To that end and to tweak the elite, Barnes, in an indenture to his will, gave Lincoln University, a black college, the right to appoint four of the five members of the board that would oversee the collection after he died. The indenture specified that the art always must be laid out in the manner Barnes favored—packed closely together, with sometimes disparate, sometimes complementary, works adjoining one another, with prosaic objects, such as a doorknob, punctuating the display—and that it couldn’t be loaned, moved or sold.
Jump ahead to the year 1999—almost a half-century after Albert Barnes’ death—and the Barnes Foundation is in financial trouble. Barnes had left a $10 million endowment to the foundation, but it had been exhausted, and the institution’s finances had deteriorated badly, owing to mismanagement, costly and misguided legal battles, and tattered relations with the philanthropic community. Bankruptcy might not have been imminent, but it loomed.
In September of that year, Bernard Watson was placed on the board by Lincoln University; in December, he was elected chairman. “When I went there, we had some money, but in a special fund that could only be used for maintenance and capital things. The money from that went to upgrade the heating and air-conditioning system, the security system, and things like that. It was around $5 million; we had no actual endowment,” he recalls.
After studying the foundation’s problems, Watson chose a radical course: expanding the board to 15 members—most nonprofits have at least that many, to facilitate fund raising and bolster governance—and moving the art to Philadelphia, making it more accessible to the public. Lincoln University opposed the board expansion, which would end its control of the Barnes. And many groups, including lots of Lincoln and Barnes Foundation students, opposed moving the institution, deeming this immoral, illegal and a violation of Albert Barnes’ intentions.
Three powerful Philadelphia-area nonprofits pledged to raise $150 million to help bankroll the move: the Pew Charitable Trusts, the Lenfest Foundation, and the Annenberg Foundation—precisely the type of establishment bulwarks that Albert C. Barnes had hated. In fact, he had feuded for years with media tycoon Walter Annenberg, whose widow, Leonore, supported Watson’s plan.
The battle began on Sept. 24, 2002, when the Barnes board filed a court petition seeking to have its plan approved. Lincoln, feeling that the board, whose majority it had nominated, was stabbing it in the back, fought back. Over the next 2½ years, the two sides exchanged legal briefs and angry words. The proponents had one nuclear weapon in their arsenal: a provision in the indenture that, if the Barnes were no longer financially viable, the art collection could be turned over to another museum, which would have left Lincoln with nothing. The opponents, quite logically, argued that if the foundations could come up with $150 million to move the Barnes, they surely could provide the same amount to save and endow it in Lower Merion.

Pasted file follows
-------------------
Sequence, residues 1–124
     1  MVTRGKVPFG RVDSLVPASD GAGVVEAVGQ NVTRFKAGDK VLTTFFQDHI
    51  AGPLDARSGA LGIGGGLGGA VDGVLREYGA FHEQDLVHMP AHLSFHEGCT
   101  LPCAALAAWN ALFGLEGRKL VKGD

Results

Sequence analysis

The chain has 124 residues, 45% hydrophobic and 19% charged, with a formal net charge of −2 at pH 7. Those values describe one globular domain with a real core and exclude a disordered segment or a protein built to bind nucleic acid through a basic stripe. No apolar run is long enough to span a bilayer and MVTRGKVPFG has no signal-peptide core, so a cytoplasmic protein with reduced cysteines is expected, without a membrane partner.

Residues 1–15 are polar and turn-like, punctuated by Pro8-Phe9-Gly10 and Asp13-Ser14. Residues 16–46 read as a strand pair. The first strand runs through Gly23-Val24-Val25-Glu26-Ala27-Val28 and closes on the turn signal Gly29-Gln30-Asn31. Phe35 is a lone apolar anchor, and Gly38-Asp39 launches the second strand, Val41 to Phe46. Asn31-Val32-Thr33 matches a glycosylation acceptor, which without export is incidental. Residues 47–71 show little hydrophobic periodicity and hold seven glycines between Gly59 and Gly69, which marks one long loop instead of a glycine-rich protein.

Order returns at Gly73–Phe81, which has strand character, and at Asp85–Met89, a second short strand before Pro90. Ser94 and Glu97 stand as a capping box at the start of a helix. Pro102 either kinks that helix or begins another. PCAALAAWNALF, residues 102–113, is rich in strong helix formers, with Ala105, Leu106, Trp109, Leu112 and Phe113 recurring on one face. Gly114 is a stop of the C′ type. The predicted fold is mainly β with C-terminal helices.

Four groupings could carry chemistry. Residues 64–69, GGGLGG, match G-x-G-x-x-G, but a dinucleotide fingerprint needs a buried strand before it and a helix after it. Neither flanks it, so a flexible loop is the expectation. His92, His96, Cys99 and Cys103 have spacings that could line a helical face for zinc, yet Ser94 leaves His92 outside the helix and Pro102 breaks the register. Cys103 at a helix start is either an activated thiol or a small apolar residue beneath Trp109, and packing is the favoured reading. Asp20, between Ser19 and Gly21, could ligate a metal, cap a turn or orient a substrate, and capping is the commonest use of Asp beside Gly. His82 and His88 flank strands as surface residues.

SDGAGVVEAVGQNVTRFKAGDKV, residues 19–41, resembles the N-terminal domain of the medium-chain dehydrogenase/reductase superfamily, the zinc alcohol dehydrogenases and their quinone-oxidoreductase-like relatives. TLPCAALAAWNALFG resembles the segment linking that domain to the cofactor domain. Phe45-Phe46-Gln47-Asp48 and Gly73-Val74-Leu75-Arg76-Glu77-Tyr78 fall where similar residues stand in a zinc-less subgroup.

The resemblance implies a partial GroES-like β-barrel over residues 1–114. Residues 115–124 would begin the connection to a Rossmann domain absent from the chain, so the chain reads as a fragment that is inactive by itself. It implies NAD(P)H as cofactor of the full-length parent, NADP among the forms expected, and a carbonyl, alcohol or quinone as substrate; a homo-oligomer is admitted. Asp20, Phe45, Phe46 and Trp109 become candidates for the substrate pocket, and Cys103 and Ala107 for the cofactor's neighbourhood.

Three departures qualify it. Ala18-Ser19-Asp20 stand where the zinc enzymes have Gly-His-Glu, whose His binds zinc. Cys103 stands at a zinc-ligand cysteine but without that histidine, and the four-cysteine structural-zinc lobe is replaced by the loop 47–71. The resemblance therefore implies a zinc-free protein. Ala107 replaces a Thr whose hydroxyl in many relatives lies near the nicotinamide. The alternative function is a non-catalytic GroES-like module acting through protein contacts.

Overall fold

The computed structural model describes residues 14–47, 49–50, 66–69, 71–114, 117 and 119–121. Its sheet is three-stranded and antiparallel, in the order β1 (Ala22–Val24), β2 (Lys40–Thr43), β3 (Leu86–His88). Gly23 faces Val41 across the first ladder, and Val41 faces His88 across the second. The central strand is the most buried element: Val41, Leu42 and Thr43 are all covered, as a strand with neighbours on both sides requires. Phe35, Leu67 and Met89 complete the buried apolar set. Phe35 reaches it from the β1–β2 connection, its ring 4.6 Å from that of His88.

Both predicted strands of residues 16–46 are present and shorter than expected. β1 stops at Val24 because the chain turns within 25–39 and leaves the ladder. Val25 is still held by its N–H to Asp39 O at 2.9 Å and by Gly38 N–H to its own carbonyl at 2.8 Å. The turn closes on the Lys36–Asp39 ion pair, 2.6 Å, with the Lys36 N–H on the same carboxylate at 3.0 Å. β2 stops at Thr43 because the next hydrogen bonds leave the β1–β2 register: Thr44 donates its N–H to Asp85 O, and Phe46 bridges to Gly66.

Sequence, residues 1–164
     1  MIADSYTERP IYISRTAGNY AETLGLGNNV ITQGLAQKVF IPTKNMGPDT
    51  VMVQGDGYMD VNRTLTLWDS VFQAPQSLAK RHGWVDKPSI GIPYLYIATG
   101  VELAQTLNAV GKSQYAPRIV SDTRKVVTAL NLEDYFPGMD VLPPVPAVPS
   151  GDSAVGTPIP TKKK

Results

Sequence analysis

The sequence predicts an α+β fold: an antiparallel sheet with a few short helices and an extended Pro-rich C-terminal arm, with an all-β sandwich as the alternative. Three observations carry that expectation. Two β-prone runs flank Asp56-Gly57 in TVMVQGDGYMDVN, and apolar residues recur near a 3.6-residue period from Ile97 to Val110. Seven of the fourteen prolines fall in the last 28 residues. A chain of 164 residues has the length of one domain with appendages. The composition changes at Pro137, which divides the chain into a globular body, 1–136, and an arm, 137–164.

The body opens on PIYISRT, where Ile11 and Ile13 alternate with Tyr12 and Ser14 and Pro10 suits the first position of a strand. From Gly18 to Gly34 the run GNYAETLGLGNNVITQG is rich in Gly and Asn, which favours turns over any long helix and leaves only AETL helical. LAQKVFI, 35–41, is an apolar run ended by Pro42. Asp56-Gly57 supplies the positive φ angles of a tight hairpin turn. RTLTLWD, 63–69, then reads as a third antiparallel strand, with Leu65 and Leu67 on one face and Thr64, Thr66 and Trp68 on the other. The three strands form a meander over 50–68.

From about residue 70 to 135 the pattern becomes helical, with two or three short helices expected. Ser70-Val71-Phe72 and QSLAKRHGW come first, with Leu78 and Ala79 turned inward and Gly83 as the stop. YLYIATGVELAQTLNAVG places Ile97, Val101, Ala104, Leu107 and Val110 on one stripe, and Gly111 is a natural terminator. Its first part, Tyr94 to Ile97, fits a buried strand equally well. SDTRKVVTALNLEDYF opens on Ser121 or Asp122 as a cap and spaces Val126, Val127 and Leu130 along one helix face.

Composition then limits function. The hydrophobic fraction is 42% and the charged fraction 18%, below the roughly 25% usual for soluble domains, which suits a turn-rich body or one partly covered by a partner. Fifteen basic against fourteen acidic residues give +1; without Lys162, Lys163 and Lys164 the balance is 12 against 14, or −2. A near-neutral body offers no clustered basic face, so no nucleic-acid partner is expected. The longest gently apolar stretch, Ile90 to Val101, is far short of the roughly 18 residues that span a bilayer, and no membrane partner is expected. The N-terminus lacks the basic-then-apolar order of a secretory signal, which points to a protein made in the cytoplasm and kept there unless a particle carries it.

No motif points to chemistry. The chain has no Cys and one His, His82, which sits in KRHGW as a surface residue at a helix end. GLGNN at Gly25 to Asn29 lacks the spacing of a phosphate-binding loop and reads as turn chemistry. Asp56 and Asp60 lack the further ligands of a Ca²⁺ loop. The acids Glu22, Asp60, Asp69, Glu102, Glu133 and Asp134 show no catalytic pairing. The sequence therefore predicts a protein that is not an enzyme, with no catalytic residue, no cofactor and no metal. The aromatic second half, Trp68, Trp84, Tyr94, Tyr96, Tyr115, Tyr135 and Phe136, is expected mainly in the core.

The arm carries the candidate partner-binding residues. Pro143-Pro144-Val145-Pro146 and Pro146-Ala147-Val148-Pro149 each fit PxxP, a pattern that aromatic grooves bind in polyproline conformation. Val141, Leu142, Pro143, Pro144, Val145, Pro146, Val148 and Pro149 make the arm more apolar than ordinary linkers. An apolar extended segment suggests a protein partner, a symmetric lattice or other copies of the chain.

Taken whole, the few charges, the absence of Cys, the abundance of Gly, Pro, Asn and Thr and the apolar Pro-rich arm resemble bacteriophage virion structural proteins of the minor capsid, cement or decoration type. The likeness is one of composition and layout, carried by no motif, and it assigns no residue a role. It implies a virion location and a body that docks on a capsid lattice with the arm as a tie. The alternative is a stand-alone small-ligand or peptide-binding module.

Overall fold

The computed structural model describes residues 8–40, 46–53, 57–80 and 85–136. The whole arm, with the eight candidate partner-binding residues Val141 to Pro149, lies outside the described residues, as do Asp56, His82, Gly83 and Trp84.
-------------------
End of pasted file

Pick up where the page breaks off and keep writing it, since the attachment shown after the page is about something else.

As the battle dragged on, Lincoln employed a powerful weapon of its own, accusing the board of racism, even though four of its five members were black. Says Jacqueline F. Allen, a Philadelphia judge and Lincoln graduate who was one of the four: “The suggestion that our position was racist was just otherworldly.” In truth, she stresses, the board was simply fulfilling its fiduciary duty. Throughout the dispute, Allen adds, Watson was a rock of resolve and a sea of calm. “I don’t know how we would have accomplished what we did without his leadership,” she says.
Opponents of the move have opinions about Watson, too, perhaps best summed up in an email from Robert Zaller, a Drexel University professor: “….The move represents the biggest theft of art since World War II. I believe this will define Dr. Watson’s legacy.” Some also contend that Watson was a puppet of the foundations, which were bent on simply making the Barnes a Philadelphia tourist attraction—a cultural Disneyland along Benjamin Franklin Parkway.
The legal war finally ended in April 2005, when Pennsylvania’s highest court upheld lower court rulings that had gone in the board’s favor. Along the way, Lincoln had obtained promises of financial aid from Pennsylvania Gov. Edward Rendell, a former Philadelphia mayor who supported the relocation. This would let it solve some financial problems of its own. And it got the right to nominate five of the new board’s members.
When the new Barnes Foundation building, which retained Albert Barnes’ idiosyncratic placement of artworks, was opened on May 17, 2012, The New York Times ran an appraisal atop its front page, with the headline: “A Museum, Reborn, Remains True to Its Old Self, Only Better.” The foundation’s financial underpinnings look better, too, with a board heavy on experienced fund raisers, such as Neil Rudenstine, Harvard’s former president; Tory Burch, the fashion designer; and Aileen Roberts, wife of Comcast’s CEO.
As for Watson, who retired from the Barnes Foundation last December, he’s enjoying life in Sarasota, which he’s found “warm and welcoming, surprisingly so—most of the places we’ve been haven’t been like that—maybe because it includes people from everywhere, not just people born in Florida.” He knows that he’ll never be forgiven by some in Philadelphia, but he’s unconcerned. “We went from bankruptcy to a solid financial state. That $150 million building’s paid for, and, at last count, we had nearly a $60 million endowment, headed toward $100 million,” he says. “We did what we had to do, and it was the right thing, no matter what anybody says.”
In the end, however, the real victor is the Barnes Foundation’s magnificent art itself, which, if mankind survives, will be admired centuries from now, long after the battle over where it should have been displayed is forgotten.
Contributing editor Rich Rescigno is a former editor at Barron’s. His “The (Multi-) Millionaire Next Door” in our March 2014 issue won a first-place Charlie award for in-depth reporting from the Florida Magazine Association, and he’s a finalist for best feature story and best investigative reporting in the Society of Professional Journalist’s 2015 Sunshine State Awards.